CARBOHYDRATES

Simple Carbohydrates, Complex Carbohydrates, Monosaccharides, Disaccharides, Oligosaccharides, Polysaccharides, Nucleotides

Should glycemic index and glycemic load be considered in dietary recommendations?

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High glycemic index (GI) and glycemic load (GL) have been proposed to be associated with increased risk of lifestyle diseases. Since protein intake varies little in humans, adherence to the commo...

THE TEN BEST FOOD FOR WEIGHT LOSS

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Slim down this winter by feasting on the following foods — each works in a unique way to help you drop pounds

Every winter, a number of animals — bears, ground squirrels, prairie dogs, and even some humans — go into hibernation. They burrow into their dens, trees, holes, or bulky sweaters and move as little as possible; metabolism slows, and pounds are safeguarded. As temperatures warm, some of these species — bears, ground squirrels, and prairie dogs — emerge to joyfully celebrate spring. Other species — certain humans — remain in bulky sweaters for as lung as possible.

Smarter carbs

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ection: Healthy Appetites

savvy strategies for eating well

Don't sacrifice your health to cut carbs. The right choices will help you lose weight — and keep it off — as you stay heart-sound.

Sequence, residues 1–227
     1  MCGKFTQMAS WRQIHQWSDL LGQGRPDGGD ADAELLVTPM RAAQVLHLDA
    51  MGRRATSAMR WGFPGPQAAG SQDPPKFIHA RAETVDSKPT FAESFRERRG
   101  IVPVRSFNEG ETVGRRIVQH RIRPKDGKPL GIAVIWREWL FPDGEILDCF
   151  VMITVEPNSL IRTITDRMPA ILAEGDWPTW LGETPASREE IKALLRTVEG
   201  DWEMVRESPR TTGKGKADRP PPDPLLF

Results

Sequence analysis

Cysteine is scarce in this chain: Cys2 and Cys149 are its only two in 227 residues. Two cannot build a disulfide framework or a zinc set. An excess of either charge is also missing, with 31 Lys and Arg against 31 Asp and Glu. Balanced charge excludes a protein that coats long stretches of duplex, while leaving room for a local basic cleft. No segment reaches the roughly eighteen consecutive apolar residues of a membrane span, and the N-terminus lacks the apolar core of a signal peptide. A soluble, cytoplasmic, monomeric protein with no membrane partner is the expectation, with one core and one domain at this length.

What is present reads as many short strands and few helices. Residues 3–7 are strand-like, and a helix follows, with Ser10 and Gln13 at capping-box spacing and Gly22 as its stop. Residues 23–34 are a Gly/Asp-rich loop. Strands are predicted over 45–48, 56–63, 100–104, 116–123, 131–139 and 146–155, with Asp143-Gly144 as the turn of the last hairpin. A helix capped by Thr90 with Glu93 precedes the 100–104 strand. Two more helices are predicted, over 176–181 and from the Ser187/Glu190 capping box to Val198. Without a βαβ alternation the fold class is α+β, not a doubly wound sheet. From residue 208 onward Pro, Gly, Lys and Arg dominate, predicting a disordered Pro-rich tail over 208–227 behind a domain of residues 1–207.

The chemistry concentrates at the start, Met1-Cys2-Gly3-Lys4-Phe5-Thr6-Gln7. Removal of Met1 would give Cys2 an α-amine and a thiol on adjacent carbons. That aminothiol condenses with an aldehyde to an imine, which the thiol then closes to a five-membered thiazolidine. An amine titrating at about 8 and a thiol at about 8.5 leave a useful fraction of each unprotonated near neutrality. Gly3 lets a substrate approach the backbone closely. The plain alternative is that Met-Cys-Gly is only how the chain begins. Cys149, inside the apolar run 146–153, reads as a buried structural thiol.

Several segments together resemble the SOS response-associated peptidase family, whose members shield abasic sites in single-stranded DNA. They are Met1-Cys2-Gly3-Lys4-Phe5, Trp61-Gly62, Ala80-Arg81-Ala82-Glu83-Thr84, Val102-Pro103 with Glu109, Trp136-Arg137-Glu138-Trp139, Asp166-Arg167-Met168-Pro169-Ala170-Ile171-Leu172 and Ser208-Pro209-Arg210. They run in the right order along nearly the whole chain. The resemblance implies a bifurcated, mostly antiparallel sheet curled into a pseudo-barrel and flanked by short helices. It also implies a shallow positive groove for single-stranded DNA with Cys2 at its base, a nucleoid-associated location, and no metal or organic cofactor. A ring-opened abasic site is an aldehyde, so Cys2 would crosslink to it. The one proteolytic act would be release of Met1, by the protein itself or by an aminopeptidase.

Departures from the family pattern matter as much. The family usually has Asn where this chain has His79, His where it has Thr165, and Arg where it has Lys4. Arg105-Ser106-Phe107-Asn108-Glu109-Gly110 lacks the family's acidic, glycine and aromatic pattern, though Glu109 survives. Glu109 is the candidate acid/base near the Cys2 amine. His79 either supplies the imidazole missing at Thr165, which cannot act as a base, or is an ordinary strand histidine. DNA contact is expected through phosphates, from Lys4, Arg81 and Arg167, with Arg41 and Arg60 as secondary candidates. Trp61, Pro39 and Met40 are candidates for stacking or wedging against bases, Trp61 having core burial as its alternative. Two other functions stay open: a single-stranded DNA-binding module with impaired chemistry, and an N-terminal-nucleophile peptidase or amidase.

Recipes by CEILA BROOKS BROWN

Carbohydrates and appetite control

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Abstract Many studies have shown that consumption of high carbohydrate foods can give rise to a clear modulation of the expression of human appetite. The potency and time course of the effects of various carbohydrates on satiety vary with the amount consumed and the chemical structure. There is evidence that this biological effect can modulate the temporal profile of hunger and the eating pattern of meals and snacks. One important issue is the action of carbohydrate foods on satiation (within meals) and satiety (after meals).

Dietary strategies for weight management--the importance of carbohydrates

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Abstract The prevalence of obesity is increasing rapidly in all age groups globally and is one of the fastest growing epidemics, now affecting 4 to 8% of children and 10 to 20% of adults. Obesity is followed by serious co-morbidities such as type 2 diabetes, cardiovascular disease, certain cancers, and reduced life expectancy, and these complications may account for five to ten per cent of all health costs.

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